As teachers in the classical renewal, we’ve grown to love a pedagogy known as “Socratic teaching.” Yet, at a certain point, we realize we have not read many, if any, of Plato’s dialogues. So, we start reading Plato and discover that the source of our beloved pedagogy is not quite who we thought he would be.
We have learned to ask lots of questions, which we find true of the real Socrates. He certainly asks lots of questions, but he also talks a lot—perhaps much more than we had anticipated. And we have learned to ask open-ended, generative questions; he does that, too, but he also clearly has a goal in mind. Plato’s dialogues are not conversations for conversations’ sake.
Then, we notice something else. Frequently, those great questions receive no definitive answers. It appears Socrates and his interlocutors are seeking definitions of terms but by the final page of the dialogue, they’ve arrived at no conclusive definitions. This can be quite frustrating for teachers to discover since this man and his approach are supposedly the fountainhead of our beloved pedagogy. Disappointingly, the actual Socrates seems to be far less inspiring than we had expected him to be.
The Socratic dialogues that reach no conclusive answer to the original question have been coined “aporetic” dialogues. This modifier comes from the Greek term aporia meaning, “impasse,” “waylessness,” or “cul de sac,” and at the end of such a dialogue readers may feel like they’ve reached nothing but a dead end. But what if that is not the case at all? What if you thought Socrates was going to tell you everything you needed to know, but instead, he has shown you something you were not expecting?
What Socrates and Plato have to offer comes to us via dialogue and the perpetual, though mostly inconclusive, search for definitions. However, the culmination of what we receive from Plato proceeds far beyond the terms and definitions themselves—far beyond the back-and-forth of the dialogue. The experience of the dialogue cannot be disconnected from the words of the dialogue, but neither can it be reduced to those words. Since this is the case, our final judgement of a dialogue’s success or failure cannot merely be an assessment of the verbal definitions or lack thereof.
The dissatisfaction frequently attending the completion of an aporetic dialogue results from an assessment based upon anachronistic criteria. We come to Plato thinking that since later philosophers like Aristotle provide both questions and answers, that Socrates must have had the same goals and simply used dialogues rather than treatises. However, when we read Plato closely, we find that this is not the case, and we are disappointed because we wanted Socrates and Plato to be more like Aristotle. We are disappointed because we have set ourselves up, or have been set up, with misguided expectations. It is certainly appropriate to seek definitions for “courage” and “temperance” and an answer to the question “Can virtue be taught?” but inappropriate to conclude that since we are seeking to know more about courage, temperance, or virtue via a series of propositions that the best and final answers must also be propositional.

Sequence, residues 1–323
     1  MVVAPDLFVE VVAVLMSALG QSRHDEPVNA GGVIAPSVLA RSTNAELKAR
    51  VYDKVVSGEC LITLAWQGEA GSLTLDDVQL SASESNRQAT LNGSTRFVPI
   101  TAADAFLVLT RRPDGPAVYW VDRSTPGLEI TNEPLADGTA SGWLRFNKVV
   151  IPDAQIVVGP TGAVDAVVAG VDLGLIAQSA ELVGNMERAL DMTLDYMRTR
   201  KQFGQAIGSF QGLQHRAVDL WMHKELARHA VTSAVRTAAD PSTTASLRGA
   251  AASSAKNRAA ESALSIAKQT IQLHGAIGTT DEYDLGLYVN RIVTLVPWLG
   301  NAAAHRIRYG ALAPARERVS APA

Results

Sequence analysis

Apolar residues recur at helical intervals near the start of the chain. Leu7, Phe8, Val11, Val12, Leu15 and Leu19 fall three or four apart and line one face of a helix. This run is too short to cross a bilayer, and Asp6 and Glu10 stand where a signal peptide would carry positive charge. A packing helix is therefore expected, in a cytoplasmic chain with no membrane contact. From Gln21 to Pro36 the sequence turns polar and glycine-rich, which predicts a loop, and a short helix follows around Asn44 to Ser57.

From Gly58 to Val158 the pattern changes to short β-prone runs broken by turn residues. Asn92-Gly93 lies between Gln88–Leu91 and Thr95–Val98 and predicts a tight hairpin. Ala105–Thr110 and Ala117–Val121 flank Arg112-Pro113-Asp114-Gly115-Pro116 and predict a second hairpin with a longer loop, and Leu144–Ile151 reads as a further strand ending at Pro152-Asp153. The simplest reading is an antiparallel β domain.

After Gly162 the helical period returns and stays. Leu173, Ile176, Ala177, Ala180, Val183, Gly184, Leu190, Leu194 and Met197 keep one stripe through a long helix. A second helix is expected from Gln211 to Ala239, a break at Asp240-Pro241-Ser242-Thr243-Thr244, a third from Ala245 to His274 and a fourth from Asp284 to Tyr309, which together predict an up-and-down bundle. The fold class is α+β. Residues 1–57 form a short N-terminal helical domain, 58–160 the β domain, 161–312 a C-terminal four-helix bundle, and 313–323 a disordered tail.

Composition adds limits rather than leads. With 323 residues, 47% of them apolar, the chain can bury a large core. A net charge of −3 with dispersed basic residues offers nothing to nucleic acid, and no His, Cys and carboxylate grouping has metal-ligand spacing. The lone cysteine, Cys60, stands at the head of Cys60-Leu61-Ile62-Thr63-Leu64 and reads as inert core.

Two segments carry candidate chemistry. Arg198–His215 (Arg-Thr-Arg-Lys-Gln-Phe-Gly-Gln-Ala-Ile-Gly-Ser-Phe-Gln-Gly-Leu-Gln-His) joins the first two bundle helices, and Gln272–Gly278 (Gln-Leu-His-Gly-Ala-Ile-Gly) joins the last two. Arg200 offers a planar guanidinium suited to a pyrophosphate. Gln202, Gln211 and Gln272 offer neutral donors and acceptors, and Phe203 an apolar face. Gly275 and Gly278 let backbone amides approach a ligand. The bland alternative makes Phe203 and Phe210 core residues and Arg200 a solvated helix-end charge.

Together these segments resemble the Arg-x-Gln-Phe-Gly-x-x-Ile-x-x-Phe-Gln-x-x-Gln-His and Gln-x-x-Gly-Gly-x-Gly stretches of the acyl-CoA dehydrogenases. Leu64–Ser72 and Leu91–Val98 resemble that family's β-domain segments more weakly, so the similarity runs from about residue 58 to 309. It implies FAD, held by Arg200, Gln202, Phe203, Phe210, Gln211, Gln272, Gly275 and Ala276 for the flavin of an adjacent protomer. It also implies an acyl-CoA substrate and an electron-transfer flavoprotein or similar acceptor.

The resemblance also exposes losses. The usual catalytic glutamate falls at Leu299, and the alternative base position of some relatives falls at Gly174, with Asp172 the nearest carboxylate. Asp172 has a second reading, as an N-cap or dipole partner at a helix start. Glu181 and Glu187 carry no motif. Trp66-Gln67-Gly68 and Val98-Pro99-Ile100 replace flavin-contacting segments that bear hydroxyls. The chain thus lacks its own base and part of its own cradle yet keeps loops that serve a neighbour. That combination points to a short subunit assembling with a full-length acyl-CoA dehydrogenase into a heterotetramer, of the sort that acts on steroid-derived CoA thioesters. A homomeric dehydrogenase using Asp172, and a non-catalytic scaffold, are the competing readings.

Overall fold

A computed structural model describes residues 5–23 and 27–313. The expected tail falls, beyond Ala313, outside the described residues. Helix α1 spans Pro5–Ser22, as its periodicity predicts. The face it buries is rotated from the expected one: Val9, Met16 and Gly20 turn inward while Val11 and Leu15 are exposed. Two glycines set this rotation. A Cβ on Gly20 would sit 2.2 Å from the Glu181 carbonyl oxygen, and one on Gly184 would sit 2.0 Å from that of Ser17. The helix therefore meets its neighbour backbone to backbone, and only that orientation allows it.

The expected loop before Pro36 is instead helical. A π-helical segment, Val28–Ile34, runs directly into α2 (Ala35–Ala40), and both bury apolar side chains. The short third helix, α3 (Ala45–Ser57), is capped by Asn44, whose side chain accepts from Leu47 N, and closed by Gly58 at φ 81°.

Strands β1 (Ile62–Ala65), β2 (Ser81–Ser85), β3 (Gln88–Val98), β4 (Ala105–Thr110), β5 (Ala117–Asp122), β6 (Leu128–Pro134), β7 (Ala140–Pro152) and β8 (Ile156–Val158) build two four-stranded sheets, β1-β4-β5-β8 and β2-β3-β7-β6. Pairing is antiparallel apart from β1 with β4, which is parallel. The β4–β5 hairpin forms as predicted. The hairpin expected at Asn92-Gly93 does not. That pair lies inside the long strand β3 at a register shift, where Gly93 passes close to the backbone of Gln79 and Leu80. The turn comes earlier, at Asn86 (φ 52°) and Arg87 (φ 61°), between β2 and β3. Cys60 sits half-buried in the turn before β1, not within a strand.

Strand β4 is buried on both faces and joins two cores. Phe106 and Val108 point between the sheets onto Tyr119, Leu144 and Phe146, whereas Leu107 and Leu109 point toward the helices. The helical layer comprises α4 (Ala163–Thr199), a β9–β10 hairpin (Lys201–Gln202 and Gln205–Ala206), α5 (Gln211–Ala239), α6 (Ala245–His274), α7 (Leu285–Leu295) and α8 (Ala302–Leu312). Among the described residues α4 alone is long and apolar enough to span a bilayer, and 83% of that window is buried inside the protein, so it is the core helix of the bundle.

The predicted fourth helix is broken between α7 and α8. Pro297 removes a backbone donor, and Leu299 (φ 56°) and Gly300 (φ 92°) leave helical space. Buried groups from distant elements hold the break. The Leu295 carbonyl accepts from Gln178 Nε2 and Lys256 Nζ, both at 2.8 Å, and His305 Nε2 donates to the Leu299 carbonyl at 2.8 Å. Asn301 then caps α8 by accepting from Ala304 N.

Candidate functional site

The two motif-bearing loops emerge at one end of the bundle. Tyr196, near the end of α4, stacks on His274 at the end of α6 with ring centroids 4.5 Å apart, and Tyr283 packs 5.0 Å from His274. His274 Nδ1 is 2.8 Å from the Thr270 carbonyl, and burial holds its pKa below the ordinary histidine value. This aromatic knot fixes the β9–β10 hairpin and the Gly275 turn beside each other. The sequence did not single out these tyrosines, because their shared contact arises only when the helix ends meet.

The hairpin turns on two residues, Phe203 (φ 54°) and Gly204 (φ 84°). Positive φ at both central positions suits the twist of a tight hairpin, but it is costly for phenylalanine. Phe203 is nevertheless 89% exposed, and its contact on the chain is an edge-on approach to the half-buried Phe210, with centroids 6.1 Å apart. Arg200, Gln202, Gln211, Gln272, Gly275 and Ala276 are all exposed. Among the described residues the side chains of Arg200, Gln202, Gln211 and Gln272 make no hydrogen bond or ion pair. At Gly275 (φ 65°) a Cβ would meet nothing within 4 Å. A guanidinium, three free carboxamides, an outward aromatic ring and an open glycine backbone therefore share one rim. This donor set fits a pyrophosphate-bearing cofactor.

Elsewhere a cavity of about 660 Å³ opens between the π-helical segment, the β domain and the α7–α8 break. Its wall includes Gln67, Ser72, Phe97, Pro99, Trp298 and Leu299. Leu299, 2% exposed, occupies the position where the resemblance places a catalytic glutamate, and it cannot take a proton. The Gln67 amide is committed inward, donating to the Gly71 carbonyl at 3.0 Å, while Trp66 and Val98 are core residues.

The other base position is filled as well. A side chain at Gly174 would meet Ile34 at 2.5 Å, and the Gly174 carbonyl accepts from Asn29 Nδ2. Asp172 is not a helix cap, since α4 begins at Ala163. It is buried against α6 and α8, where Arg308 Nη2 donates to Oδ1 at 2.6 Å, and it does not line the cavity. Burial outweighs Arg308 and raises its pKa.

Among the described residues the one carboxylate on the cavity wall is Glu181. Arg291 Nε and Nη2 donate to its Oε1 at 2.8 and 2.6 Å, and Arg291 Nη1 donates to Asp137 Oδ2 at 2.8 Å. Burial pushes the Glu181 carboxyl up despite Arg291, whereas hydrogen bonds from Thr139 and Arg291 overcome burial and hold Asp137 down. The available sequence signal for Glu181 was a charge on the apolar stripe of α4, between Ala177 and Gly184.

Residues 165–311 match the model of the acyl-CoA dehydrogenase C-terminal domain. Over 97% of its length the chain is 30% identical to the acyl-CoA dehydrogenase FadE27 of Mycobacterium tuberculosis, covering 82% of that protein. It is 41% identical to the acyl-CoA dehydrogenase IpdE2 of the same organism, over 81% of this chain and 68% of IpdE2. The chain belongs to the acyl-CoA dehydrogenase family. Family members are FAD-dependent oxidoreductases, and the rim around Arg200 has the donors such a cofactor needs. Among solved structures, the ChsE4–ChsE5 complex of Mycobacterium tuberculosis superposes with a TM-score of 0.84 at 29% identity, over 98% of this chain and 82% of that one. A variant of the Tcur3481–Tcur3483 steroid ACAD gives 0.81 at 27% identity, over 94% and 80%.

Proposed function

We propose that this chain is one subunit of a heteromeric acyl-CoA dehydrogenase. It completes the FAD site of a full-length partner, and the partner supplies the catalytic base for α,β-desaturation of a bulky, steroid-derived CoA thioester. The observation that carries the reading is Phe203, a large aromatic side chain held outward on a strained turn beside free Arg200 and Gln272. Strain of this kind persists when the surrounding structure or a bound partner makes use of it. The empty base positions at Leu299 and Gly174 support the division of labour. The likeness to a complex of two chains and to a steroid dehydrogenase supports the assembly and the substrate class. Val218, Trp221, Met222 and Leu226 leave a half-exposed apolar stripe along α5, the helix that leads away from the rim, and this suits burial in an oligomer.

Are we in essence telling Socrates that we’re fine with this whole dialectical exercise as long as it gets us where we are predisposed to go? Or rather, are we willing to become apprentices and sit at the feet of a master who has far more to offer than we ever thought possible? Rather than thinking of “aporetic” as a pejorative term, we need to accept that aporia is one step along the way toward knowledge and virtue. Since aporia’s meaning is related to our term “dead-end street,” let’s consider dead-end streets as an analogy of Plato’s aporetic dialogues.
Most streets have two purposes: (1) to provide access to the houses or shops located on the street and (2) to connect different streets to one another. If a street does not connect two streets, it is labelled a dead-end street serving only local traffic. Since most streets and roads serve to connect other streets and roads, dead end streets are clearly labelled by a sign to avoid wrong expectations about the purpose of the street. If a dead-end street is not clearly labelled, a driver will lose time and probably be frustrated upon having to turn around and find another way to get to his destination. When driving toward a known destination, we all want dead-end streets to be clearly labelled.
However, whether a traveler cares if a dead-end street is clearly labelled depends upon whether the traveler has a utilitarian purpose for the street. If one is taking a leisurely stroll through a lovely park or neighborhood filled with exquisite architecture, winding paths, and lush gardens, then stopping to pause at the end of a dead-end lane is not an inconvenience at all. In fact, a long pause in a cul-de-sac to gaze at something beautiful may be just the thing the meanderer was hoping for.
Although most of the trips we take have the goal of getting from Point A to Point B using as little time and fuel as possible, sometimes the goal is not to get some where but rather to see some thing along the way. Sometimes we explore on our own, and other times we hire someone who knows the sites and the routes that lead from one beautiful, intriguing sight to the next, and we entrust our day to a sightseeing company. In a Platonic dialogue, Socrates is both the sightseeing company and the bus driver. He knows where he’s going, how good it will be when we get there, and how to get us there, but “there” may not be where we think. To sign up for one of Socrates’ tours is to place a few hours of our lives in the care of one who can show us not only more than we know, but also more than he knows, which is rare for a tour guide.
Learn more about Plato’s dialogues with Marc as your guide, join his Atrium course “Plato’s Dialogues.”